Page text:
Some 36 hours after having emerged from the pupa, the female is receptive for mating. The male mounts her from behind to inject sperm. Normally the female mates only once, storing the sperm to use it repeatedly for laying several sets of eggs.

Monarch Butterfly


The life cycle of a monarch includes a change of form called complete metamorphosis. The monarch goes through four radically different stages:

  1. The eggs are laid by the females during spring and summer breeding months.
  2. The eggs hatch, revealing worm-like larvae, the caterpillars. The caterpillars consume their egg cases, then feed on milkweed. During the caterpillar stage, monarchs store energy in the form of fat and nutrients to carry them through the non-feeding pupa stage.
  3. In the pupa or chrysalis stage, the caterpillar spins a silk pad on a twig, leaf, etc., and hangs from this pad by its last pair of prolegs. It hangs upside down in the shape of a 'J', and then molts, leaving itself encased in an articulated green exoskeleton. At this point, hormonal changes occur, leading to the development of a butterfly (metamorphosis). The chrysalis darkens (actually becomes transparent) a day before it emerges, and its orange and black wings can be seen.
  4. The mature butterfly emerges after about two pupal weeks and hangs from the split chrysalis for several hours until its wings are dry (often in the morning). Meanwhile fluids are pumped into the crinkled wings until they become full and stiff. Some of this orangey fluid (called meconium) drips from the wings. Finally (usually in the afternoon) the monarch spreads its wings, quivers them to be sure they are stiff, and then flies away, to feed on a variety of flowers, including milkweed flowers, red clover, and goldenrod.



The life cycle of the antlion begins with oviposition (egg-laying). The female antlion repeatedly taps the sand surface with the tip of her abdomen. She then inserts her abdomen into the sand and lays an egg. The antlion larva is a ferocious-appearing creature with a robust, fusiform body, a very plump abdomen, the thorax bearing three pairs of walking legs. The prothorax forms a slender mobile "neck" for the large, square, flattened head, which bears an enormous pair of sicklelike jaws with several sharp, hollow projections. The jaws are formed by the maxillae and mandibles, which in each pincer enclose a canal for injecting venom between them. Depending on species and where it lives, the larvae will either hide under leaves or pieces of wood, in cracks of rocks, or dig pits in sandy areas.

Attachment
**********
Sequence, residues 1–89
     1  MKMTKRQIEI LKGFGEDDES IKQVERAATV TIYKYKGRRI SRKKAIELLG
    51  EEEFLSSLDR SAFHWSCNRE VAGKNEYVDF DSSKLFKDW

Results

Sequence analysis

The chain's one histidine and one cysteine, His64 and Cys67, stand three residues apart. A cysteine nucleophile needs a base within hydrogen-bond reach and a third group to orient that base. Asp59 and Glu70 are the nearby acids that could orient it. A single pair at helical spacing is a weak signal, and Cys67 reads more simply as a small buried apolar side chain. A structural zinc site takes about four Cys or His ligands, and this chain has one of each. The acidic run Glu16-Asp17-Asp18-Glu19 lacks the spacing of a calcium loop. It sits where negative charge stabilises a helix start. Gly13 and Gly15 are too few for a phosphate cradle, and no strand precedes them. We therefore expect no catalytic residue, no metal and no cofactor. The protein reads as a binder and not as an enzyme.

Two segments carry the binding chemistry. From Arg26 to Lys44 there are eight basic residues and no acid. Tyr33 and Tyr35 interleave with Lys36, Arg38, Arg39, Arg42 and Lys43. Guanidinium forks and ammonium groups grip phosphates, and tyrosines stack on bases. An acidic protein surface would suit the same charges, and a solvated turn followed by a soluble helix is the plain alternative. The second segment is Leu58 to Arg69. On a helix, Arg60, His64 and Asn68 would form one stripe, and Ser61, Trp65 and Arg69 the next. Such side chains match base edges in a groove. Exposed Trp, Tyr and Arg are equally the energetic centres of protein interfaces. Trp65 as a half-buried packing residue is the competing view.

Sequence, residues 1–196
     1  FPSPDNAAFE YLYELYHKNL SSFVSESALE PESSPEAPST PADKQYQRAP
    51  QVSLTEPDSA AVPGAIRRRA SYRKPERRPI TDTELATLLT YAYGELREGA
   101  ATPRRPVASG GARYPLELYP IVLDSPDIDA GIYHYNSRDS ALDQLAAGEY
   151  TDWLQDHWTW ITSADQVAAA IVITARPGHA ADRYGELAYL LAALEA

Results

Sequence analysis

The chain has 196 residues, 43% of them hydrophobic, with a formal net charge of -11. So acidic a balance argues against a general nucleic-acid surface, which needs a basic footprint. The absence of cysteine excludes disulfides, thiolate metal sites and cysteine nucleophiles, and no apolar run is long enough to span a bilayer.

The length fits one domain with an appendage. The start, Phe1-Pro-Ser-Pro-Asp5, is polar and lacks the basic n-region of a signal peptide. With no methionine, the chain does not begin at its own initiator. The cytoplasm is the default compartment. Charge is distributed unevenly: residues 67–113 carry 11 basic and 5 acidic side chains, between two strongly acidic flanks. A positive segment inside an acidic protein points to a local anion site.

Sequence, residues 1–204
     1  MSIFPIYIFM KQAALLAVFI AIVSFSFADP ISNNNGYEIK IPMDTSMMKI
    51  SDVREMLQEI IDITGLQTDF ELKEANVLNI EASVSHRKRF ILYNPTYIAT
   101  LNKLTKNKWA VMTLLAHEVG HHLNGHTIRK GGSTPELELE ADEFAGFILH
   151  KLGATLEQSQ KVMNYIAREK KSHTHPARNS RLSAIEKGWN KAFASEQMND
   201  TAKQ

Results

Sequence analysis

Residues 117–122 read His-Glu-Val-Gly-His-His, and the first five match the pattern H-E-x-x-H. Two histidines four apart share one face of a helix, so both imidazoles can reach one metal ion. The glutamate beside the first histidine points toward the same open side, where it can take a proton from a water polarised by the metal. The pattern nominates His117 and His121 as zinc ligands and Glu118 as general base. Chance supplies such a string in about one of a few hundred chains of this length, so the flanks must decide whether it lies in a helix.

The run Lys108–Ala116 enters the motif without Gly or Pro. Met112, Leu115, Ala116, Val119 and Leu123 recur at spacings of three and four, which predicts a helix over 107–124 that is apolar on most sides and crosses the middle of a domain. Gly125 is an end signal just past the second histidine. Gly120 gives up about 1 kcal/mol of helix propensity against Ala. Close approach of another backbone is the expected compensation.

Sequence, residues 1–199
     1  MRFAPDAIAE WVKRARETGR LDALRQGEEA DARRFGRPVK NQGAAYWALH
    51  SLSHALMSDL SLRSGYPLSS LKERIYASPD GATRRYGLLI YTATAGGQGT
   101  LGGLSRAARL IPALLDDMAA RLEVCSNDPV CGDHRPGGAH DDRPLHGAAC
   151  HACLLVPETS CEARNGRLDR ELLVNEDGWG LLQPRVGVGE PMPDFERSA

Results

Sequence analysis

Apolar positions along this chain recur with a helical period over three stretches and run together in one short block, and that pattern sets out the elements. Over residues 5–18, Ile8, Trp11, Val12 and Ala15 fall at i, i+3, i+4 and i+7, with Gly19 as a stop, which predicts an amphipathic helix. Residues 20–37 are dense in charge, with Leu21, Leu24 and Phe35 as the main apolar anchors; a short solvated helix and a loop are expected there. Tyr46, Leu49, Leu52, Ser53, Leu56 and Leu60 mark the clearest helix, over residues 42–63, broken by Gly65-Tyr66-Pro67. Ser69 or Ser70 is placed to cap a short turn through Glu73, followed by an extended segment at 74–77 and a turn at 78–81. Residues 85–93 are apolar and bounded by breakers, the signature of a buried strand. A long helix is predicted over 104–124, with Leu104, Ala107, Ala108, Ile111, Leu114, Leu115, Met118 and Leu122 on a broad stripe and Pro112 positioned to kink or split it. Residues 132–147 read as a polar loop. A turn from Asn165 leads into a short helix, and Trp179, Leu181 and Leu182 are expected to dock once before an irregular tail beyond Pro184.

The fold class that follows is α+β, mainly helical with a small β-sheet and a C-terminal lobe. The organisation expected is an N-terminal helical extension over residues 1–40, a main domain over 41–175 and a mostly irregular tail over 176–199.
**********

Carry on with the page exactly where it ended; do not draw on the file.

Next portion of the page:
The pupal stage of the antlion is quiescent. The larva makes a globular cocoon of sand stuck together with fine silk spun from a slender spinneret at the posterior end of the body. These cocoons may be buried several centimeters deep in the sand. It remains there for one month, until the completion of the transformation into the sexually mature insect, which then emerges from the case, leaving the pupal integument behind, and climbs to the surface. After about 20 minutes the adult's wings are fully opened and it will fly off in search of a mate. The adult is considerably larger than the larva; they exhibit the greatest disparity in size between larva and adult of any type of holometabolous insects, by virtue of the adults having an extremely thin, flimsy exoskeleton - in other words, they have extremely low mass per unit of volume.